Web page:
“To me, martial law with its termination or extension should be determined by circumstances. To determine appropriateness and decide now is unrealistic,” Palma said.
“Yes, many favor it now, including myself. To say it’s OK to extend another five years is simplistic,” he said.
Address conflict’s roots
Kidapawan Bishop Jose Colin Bagaforo stressed that the government should instead pursue better governance and poverty alleviation.
“Many also agree with the Mindanao bishops’ position that martial law is and should be temporary. Better governance and poverty alleviation should be pursued relentlessly by all. War in Marawi never again,” the prelate said.
Talks, walks and works
Running priest Robert Reyes said the Marawi crisis—which is now nearing its second month—cannot be solved by military power alone.
“We cannot kill the enemy because they propagate,” Reyes said in Iligan City, near Marawi, where the peace group Ka-Salam was launched by Oxfam and other groups
“While members of the Maute and the Abu Sayyaf are dying, their relatives are also angered. So even if the military says there’s no more Maute or Abu in Marawi, their relatives are still everywhere,” Reyes said.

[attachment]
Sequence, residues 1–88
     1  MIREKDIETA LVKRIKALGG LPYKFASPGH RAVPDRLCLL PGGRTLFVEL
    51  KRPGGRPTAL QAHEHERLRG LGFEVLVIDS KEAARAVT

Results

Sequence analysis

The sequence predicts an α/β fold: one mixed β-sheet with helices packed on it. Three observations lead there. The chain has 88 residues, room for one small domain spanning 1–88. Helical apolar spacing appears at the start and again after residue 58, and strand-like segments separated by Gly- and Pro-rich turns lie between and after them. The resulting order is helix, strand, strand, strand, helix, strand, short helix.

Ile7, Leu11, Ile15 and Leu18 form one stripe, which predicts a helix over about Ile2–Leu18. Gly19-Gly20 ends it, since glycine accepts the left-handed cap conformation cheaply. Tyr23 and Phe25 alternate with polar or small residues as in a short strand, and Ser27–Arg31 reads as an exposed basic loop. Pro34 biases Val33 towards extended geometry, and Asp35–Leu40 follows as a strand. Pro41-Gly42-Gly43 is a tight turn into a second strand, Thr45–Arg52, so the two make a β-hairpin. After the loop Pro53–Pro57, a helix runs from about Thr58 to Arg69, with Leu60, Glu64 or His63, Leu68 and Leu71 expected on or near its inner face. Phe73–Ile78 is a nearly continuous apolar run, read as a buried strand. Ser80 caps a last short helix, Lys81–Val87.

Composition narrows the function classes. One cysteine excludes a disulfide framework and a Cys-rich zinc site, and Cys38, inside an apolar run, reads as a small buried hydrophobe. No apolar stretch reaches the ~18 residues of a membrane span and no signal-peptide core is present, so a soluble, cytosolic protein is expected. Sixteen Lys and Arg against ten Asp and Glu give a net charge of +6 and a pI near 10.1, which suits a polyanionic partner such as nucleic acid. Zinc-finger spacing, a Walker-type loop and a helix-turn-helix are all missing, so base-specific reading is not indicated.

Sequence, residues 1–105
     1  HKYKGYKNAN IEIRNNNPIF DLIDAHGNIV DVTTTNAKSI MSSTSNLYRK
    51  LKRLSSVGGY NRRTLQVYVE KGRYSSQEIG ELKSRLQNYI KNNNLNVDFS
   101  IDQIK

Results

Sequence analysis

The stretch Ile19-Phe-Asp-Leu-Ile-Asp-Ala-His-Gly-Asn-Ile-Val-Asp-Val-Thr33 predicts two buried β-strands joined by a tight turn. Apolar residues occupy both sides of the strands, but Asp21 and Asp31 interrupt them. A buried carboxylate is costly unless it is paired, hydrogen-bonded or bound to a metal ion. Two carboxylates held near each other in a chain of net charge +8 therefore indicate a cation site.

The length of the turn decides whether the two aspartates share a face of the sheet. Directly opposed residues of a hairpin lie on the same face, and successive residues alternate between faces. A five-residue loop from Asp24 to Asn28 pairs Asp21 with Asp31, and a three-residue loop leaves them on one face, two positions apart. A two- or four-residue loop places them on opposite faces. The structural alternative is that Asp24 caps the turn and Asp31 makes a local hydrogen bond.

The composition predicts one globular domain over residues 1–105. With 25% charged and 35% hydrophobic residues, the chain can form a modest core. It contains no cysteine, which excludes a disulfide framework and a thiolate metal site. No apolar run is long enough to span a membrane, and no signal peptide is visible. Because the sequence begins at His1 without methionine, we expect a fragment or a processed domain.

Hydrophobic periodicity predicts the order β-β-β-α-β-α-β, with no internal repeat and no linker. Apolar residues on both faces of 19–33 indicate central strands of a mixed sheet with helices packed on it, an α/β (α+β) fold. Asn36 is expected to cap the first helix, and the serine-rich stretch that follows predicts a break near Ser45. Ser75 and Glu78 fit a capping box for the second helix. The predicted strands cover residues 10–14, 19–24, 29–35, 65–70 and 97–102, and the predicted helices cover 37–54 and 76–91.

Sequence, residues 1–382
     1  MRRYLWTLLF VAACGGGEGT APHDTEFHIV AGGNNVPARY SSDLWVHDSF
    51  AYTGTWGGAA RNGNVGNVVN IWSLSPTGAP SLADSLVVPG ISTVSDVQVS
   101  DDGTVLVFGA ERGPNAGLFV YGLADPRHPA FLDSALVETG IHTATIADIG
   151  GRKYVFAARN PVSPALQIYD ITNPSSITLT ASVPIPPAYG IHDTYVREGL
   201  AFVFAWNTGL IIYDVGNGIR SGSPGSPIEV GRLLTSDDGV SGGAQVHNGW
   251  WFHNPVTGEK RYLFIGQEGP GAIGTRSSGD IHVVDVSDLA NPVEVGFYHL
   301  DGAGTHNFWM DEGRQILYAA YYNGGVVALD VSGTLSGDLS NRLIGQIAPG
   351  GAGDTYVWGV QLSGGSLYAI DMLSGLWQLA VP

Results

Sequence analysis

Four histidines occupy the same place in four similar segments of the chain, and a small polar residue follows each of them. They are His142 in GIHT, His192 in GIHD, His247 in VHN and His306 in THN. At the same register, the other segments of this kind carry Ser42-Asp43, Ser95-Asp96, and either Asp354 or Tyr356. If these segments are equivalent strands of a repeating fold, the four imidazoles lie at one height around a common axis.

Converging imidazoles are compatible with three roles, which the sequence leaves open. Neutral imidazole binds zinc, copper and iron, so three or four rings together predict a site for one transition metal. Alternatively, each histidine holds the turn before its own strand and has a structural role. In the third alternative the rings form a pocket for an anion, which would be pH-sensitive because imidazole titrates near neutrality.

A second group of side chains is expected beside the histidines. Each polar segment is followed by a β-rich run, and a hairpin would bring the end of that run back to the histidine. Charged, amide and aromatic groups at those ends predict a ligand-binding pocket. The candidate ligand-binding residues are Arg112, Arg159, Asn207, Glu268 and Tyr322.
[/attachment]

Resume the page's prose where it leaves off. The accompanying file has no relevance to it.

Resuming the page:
Fearing a cycle of violence, Reyes is promoting “talks, walks and works” to promote peace in Mindanao.
He said under talks, Christians, Muslims and tribesmen, called lumad (indigenous people), should talk about problems and find a common solution before they become more serious.
Under walk, people should promote openness, dialogue and peace to defeat the deep distrust among people.
For example, those in Manila are wary of those wearing the thobe favored by Muslim men and the hijab used by Muslim women.
“They say Muslims are bad but they don’t really understand. Muslims are peaceful. Islam itself means peace,” he added.
Reyes said some Muslims also do not trust Christians while some tribesmen are also suspicious of them.
“There is now this culture of suspicion, which we can address by speaking to each other, conducting dialogues among ourselves,” he said.
Alim Saad Amate, president of the United Imams of the Philippines, said Muslims too would like to continue talking with Christians and lumad so that problems can be properly addressed.
Amate said many Muslims do not support violence because they would rather attend to their businesses. “Besides, war devastates everything,” he said.